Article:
Summerside men's shelter expected to open by April 1, province says
After several delays, the new men's shelter in Summerside, P.E.I., is set to open this spring, according to the province.
The six-bed shelter at 287 Winter St. is now set to open on April 1, once renovations to the inside and outside of the property are complete.
Shelley Cole, manager of housing services with the Department of Social Development and Housing, said that's the "target date" to have the shelter open.
"In today's world we live in, contractors are hard to come by and everyone's very busy, so it's been a bit of a challenge to get that work done as quickly as we would have hoped," Cole said.
"Construction is booming and there's lots of demand for contractors … much of the work that needs to be done has been completed and we have a few outstanding items."
Cole said some of those renovations include:
Upgrading smoke detectors and sprinkler heads.
Installing new lighting throughout the building.
Painting throughout the building.
Landscaping and cleaning up tree damage.
Installing a fence on three sides of the property.
Upgrading washroom facilities.
Creating a safe, secure intake facility for clients.
Installing security cameras inside and outside for client and staff safety.
Most of that work is now done, Cole said, with the security cameras and the fence left to finish up.
The estimated cost of the upgrades is around $125,000, she said.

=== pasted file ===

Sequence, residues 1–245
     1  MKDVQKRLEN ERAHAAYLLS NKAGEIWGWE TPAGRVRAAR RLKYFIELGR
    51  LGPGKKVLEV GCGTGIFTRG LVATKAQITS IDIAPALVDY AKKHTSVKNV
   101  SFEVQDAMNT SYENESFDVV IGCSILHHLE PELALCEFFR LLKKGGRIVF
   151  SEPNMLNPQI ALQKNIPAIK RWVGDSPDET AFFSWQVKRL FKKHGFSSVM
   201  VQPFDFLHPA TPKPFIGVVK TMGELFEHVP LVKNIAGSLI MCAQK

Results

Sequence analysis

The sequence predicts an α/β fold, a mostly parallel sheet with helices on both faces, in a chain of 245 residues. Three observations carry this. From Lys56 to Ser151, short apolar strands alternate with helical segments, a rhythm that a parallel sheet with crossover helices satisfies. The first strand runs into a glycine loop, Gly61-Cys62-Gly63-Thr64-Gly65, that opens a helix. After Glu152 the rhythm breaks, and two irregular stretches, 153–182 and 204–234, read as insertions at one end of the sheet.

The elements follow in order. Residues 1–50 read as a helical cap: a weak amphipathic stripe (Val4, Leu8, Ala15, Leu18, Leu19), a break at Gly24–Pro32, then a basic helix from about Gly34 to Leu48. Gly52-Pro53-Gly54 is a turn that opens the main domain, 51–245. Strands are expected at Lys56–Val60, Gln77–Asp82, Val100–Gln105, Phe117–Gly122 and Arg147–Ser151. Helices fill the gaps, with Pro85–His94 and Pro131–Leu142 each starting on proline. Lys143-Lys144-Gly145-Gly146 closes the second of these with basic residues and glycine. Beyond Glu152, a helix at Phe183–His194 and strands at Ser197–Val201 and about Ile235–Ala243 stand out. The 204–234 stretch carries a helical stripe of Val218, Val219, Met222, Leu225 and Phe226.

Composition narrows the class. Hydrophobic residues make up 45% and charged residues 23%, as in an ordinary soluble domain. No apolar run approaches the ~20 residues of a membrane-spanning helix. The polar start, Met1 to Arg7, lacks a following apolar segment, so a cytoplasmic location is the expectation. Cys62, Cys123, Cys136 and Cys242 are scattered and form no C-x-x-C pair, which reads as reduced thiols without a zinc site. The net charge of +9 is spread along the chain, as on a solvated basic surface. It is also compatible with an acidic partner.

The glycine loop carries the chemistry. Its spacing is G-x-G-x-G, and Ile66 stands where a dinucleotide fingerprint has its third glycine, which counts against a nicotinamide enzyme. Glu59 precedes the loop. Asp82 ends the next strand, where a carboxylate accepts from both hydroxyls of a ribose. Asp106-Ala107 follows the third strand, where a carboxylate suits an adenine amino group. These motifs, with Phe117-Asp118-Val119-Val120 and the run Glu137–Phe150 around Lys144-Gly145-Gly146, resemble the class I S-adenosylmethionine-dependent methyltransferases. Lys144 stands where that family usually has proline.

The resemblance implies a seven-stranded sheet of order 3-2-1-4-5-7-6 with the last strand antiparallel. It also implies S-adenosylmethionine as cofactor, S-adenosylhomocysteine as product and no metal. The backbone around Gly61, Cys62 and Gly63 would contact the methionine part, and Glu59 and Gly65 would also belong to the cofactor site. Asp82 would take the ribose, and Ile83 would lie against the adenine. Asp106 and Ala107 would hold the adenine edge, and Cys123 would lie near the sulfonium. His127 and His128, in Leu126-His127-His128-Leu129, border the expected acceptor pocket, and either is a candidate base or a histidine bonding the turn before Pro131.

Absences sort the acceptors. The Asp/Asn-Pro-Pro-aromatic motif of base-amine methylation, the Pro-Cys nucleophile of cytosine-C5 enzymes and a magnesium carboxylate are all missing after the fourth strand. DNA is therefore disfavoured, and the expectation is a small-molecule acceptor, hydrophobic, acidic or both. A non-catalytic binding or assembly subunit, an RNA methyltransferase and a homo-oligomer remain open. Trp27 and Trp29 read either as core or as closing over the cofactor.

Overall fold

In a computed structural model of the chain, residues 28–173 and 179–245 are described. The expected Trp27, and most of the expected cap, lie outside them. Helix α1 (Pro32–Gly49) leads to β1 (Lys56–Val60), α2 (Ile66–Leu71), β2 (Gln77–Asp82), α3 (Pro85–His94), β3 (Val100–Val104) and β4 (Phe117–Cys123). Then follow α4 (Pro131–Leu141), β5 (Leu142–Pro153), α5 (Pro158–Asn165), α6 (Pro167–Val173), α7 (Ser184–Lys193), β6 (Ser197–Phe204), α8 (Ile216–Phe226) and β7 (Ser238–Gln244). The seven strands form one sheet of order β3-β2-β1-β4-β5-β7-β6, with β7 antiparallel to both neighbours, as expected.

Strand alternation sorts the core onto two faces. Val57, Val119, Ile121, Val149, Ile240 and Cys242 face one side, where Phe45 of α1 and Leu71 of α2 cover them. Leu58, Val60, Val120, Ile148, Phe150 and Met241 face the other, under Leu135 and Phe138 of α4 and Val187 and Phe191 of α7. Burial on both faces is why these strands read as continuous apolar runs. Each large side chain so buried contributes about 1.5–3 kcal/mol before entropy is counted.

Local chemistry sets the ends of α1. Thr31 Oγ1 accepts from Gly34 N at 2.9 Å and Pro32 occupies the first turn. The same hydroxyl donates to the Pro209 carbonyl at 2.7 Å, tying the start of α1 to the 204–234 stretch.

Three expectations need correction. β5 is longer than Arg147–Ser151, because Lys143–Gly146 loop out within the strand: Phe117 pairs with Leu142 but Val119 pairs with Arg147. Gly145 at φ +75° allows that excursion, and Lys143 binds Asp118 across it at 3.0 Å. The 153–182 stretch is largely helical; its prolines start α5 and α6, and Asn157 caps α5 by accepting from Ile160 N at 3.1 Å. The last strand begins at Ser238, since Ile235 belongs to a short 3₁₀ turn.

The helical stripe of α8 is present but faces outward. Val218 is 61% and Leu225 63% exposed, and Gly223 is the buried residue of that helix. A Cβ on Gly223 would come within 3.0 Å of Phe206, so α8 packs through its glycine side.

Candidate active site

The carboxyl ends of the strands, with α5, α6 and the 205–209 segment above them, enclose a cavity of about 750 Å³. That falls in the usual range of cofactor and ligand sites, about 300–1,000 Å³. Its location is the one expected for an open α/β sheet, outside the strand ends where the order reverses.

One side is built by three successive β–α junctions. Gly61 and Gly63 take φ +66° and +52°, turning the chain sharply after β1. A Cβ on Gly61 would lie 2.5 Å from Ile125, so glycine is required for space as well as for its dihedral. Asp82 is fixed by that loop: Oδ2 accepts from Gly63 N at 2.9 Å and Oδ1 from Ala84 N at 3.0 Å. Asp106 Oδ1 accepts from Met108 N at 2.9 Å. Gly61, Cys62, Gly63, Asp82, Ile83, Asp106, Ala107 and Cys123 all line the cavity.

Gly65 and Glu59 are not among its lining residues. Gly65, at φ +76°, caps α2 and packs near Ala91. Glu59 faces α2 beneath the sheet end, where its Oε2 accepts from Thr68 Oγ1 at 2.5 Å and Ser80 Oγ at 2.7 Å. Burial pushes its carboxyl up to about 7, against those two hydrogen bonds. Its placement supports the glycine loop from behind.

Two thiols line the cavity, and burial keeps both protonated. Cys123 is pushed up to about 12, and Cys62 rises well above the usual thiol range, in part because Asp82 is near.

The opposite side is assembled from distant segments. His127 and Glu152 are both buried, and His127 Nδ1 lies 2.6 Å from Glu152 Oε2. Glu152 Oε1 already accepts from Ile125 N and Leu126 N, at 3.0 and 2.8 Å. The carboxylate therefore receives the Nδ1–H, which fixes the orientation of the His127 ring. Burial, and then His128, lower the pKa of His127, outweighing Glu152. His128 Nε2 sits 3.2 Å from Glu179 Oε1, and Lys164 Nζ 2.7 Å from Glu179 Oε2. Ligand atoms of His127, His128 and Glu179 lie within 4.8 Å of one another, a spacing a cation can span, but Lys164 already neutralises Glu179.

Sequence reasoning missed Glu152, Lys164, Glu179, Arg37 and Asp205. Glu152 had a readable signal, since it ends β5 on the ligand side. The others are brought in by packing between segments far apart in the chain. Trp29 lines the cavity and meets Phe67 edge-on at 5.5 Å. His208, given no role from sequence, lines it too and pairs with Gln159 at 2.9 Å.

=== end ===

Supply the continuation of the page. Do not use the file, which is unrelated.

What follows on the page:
Originally expected to open December/January
In the pitch to Summerside council last October, the Native Council of P.E.I. and Department of Social Development and Housing expected the shelter to be open by December — if council approved the project.
Council gave the go-ahead in November, but the opening date moved to at least January.
We want to make sure that we're the best we can be, and ready to be open. — Scott Carnall
Then in January, Scott Carnall, housing development officer with the Native Council of P.E.I., told CBC News the building needed renovations. That work would be done through the province and required proper approval and tenders, which pushed the opening date once again.
Speaking about the delays on Tuesday, Carnall said the hope was to open during the winter — but that timeframe didn't end up working with the amount of work required on the building.
"The reality is that you don't know until you get in a building exactly what the condition is and what you need to get done," he said.
"You can't just get the key and suddenly you can be ready in a week or so."
'It's inviting, it's warming'
Carnall told CBC News he's been to the property several times in the last month, and has seen the progress of the renovations.
The contractor will put the finishing touches on the facility in March before the Native Council of P.E.I. begins running the shelter. Carnall expects there to be at least two people staffed there 24/7.
"It's inviting, it's warming … I think there are plans to be done their renovations by the end of March, first week of April so once that's turned over we'll start customizing it and getting our people in there and ready for opening," Carnall said.
"Things have to be done properly and that's what we're focused on. We want to make sure that we're the best we can be, and ready to be open."
Like Carnall, Cole has been involved since the beginning and said it's going to be exciting to finally have the six-bed facility ready to go.
"The sooner that we can swing the doors open and welcome those male-identifying clients who are experiencing homelessness or housing insecurity in the Summerside or Prince County area … that's always a really good feeling," she said.
"It's incredibly challenging work but it's very very rewarding."